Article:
Benjamin Solomon profile picture

I think the shadow banking is a good thing, since, as you said, it spreads the risk at the same time limiting this risk to a wealthier population who can absorb the losses.

Its not about how much or how little regulation we have. Our regulations need to be market savvy which they are not. Having said that I believe all financial services companies, whether shadow or not should be governed by two primary sets of regulations:

1. All financial services companies, are required to have MEL cushions, figure out their loss characteristics and publish these results, even if they are privately held as we need the visibility to prevent the domino of black swans. That is the primary regulation we need.

2. I addressed this in an earlier comment, that when a financial services company fails, if it is necessary as in the case of banks, its capital is wiped out and a new set of shareholders take over, with the stipulation that no bank can be a substantial shareholder of the new company.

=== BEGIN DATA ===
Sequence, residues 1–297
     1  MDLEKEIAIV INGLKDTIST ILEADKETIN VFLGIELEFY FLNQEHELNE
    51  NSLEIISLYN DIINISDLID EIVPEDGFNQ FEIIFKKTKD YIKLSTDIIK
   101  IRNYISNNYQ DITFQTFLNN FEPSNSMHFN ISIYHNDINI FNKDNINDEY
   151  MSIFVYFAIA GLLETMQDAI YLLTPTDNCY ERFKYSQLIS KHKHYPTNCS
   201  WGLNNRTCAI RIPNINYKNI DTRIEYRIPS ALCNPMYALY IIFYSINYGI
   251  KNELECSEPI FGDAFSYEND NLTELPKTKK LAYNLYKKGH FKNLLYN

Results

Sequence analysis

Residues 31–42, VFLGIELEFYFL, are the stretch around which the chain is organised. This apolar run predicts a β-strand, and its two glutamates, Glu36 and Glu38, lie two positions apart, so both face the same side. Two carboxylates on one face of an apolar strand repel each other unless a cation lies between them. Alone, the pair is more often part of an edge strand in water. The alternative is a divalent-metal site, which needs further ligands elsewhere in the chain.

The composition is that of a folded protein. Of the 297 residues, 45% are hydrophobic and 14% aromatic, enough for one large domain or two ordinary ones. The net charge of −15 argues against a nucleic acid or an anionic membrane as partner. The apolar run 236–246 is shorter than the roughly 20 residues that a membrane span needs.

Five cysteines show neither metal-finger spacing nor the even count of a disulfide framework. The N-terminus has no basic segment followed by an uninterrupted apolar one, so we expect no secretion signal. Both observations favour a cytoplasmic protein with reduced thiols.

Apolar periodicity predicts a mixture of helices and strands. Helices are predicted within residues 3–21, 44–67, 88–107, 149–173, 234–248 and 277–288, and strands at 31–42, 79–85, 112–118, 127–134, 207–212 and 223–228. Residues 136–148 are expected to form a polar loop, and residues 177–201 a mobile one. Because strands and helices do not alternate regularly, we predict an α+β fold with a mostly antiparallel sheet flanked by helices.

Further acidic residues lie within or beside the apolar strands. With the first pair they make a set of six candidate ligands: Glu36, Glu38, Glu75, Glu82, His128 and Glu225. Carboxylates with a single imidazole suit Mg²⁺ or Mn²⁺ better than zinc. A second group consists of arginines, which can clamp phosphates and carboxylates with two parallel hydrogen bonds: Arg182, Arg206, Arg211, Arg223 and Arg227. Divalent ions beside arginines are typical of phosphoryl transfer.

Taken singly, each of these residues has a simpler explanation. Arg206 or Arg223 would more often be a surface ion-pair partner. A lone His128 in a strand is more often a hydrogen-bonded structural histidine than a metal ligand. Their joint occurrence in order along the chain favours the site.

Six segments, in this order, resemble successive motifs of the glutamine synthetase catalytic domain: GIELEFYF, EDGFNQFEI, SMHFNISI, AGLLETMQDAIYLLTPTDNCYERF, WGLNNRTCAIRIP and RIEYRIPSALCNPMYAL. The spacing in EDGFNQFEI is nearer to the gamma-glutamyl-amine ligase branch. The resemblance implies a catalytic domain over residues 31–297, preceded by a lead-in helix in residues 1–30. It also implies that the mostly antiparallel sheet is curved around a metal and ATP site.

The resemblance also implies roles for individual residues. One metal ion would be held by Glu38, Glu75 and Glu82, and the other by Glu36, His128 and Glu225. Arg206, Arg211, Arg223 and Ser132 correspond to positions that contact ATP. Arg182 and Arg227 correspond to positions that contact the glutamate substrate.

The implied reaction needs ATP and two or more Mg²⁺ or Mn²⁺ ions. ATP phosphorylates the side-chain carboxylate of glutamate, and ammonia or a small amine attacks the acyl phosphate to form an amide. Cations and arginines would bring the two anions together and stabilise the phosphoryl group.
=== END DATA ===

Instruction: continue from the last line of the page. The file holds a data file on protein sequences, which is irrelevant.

Benjamin Solomon profile picture

First, I don't buy that legislation can prevent a massive meltdown like 2008.

It hasn't happened as you have shown. It just keeps politician satisfied that they have "done something" to "fix" the problem. And the record stands - the laws have failed to prevent crashes. That is like King Canute (www.medievalists.net/...) commanding the waves to go back.

The MEL cushion or bailout is a stop-gap measure. It makes unabsorbable losses absorbable but it does not change the banks risk profile, which is the shape of the loss distribution.

Breaking up the banks reduces the size of the Black Swan at each bank and gives the Fed/Govt. time to rectify bit by bit in small pieces.

The US economy is not a homogeneous structure. I found this out some years ago and the numbers I quote are from memory. The leading edge of a recession is driven by the big states, California, New York, Florida and Texas(?). Colorado lags by about 6 to 9 months. Rhode Island by about 18 to 24(?) months. All states are in between these time lags.

That gives the Fed/Govt time to resolve solvency issues small doses at a time, state by state, on a first-come-first-serve basis. Fed/Govt. takes over, and stabilizes it balance sheet. The shareholders of the insolvent bank lose everything.

The Fed/Govt. hands it off to a private investor’s group to turn the bank around. They sell the new turned-around bank to the highest bidder. The subsequent sale is a very important requirement. With the sale the Fed gets paid back its stabilizing funds with interest.

The public can see that the Fed/Govt. is handling the issues and gearing for the next bank failure. This will give the public confidence.